Letters of note
In late 2014 the University of Michigan Press published Dear Wizard: The Letters of Nicholas Delbanco and Jon Manchip White. The publication coincided with Delbanco’s retirement from U-M, where he served as director of the Master of Fine Arts in Creative Writing Program, as well as the Hopwood Awards Program in the College of Literature, Science & the Arts.
At nearly 750 pages, the book is s a full-sized facsimile reproduction of the bulk of correspondence between two writers — one that terminated only with the latter’s death in 2013.
As Delbanco explains of Dear Wizard: “This enterprise was planned and prepared for while both authors lived; it grieves its editor sorely that but one of us has seen it to fruition. The book was a labor of love for me, as well as a ramble down Memory Lane.”
Delbanco arrived at U-M in 1985; he is the author of nearly 30 books of fiction and nonfiction. Manchip White was a distinguished Welsh-American writer who published more than 30 books of fiction, nonfiction, and poetry. He also penned scripts for film and television.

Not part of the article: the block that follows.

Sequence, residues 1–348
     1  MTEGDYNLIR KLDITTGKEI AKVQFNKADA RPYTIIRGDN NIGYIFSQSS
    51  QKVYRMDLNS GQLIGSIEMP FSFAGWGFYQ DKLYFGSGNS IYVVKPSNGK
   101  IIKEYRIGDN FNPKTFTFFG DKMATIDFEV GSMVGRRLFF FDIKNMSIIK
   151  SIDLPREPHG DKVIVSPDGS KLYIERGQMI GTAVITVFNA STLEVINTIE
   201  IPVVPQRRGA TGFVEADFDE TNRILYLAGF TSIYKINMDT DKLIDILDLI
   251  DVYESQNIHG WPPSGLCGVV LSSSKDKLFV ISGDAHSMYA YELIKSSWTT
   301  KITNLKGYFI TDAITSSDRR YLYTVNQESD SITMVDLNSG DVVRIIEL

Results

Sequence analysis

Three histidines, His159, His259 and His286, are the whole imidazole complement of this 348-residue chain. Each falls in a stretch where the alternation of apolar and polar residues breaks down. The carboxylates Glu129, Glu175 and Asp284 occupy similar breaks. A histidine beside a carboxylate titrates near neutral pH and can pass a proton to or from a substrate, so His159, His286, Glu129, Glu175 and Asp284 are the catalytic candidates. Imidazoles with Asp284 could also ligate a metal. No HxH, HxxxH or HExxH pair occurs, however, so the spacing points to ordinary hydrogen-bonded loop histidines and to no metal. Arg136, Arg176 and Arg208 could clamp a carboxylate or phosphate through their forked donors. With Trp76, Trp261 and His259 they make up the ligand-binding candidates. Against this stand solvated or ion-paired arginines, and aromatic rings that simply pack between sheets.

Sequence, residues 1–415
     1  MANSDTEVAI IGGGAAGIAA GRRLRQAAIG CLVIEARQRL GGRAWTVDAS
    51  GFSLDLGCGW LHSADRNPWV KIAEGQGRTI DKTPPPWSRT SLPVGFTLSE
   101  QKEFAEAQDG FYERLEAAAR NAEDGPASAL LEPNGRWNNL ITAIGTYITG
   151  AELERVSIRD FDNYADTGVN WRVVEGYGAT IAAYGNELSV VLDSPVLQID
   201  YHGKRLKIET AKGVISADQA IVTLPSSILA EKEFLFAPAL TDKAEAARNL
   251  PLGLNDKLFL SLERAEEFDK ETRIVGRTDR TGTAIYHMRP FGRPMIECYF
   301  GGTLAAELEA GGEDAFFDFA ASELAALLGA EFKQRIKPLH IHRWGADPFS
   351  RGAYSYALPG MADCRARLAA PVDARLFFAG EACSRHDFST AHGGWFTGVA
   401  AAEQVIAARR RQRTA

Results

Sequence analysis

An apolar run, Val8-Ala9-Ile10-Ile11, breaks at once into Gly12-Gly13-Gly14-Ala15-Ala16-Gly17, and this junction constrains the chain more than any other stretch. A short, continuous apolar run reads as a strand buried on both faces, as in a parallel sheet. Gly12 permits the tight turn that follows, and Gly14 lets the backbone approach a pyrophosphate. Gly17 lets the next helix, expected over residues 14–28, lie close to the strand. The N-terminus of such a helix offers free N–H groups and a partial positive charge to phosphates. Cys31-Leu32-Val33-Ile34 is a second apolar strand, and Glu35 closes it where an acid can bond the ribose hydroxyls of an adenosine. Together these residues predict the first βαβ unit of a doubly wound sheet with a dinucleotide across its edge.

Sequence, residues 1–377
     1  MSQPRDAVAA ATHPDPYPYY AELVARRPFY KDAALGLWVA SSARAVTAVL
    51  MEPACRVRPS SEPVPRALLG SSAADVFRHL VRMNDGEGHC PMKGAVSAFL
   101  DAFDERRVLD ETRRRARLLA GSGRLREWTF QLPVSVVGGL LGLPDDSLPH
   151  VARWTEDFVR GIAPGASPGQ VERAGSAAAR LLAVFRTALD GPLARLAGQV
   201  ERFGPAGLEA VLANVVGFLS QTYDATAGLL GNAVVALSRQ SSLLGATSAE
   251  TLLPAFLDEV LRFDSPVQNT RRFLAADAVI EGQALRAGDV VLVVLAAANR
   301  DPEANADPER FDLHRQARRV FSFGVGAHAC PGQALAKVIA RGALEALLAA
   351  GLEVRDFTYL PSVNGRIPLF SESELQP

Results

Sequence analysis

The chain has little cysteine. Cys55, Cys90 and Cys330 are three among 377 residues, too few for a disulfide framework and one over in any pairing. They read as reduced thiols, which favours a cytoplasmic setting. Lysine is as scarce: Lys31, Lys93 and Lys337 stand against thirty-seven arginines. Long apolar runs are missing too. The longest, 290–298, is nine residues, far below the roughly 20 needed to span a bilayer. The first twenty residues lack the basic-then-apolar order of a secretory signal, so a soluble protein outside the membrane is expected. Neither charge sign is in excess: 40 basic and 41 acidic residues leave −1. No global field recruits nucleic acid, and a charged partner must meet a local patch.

In the following essay, Delbanco reflects on the joy he and Manchip White derived during 35 years of unique, whimsical, and old-fashioned correspondence, which chronicles the deep affection and mutual respect that defined their friendship.
Words with friends
The habitual exchange of letters is a custom now nearly extinct. There was a time when letter writing served as the necessary discourse for men and women not within earshot or in a shared room.
That time has gone.
The telegram and telephone, a cellphone or email, text message or Skype, the various new forms of telecommunication — Facebook, Twitter, and the rest — have each in turn displaced and finally replaced the habit of correspondence; few practice it today. Those who read collections of letters hereafter will read about the fast-receding past.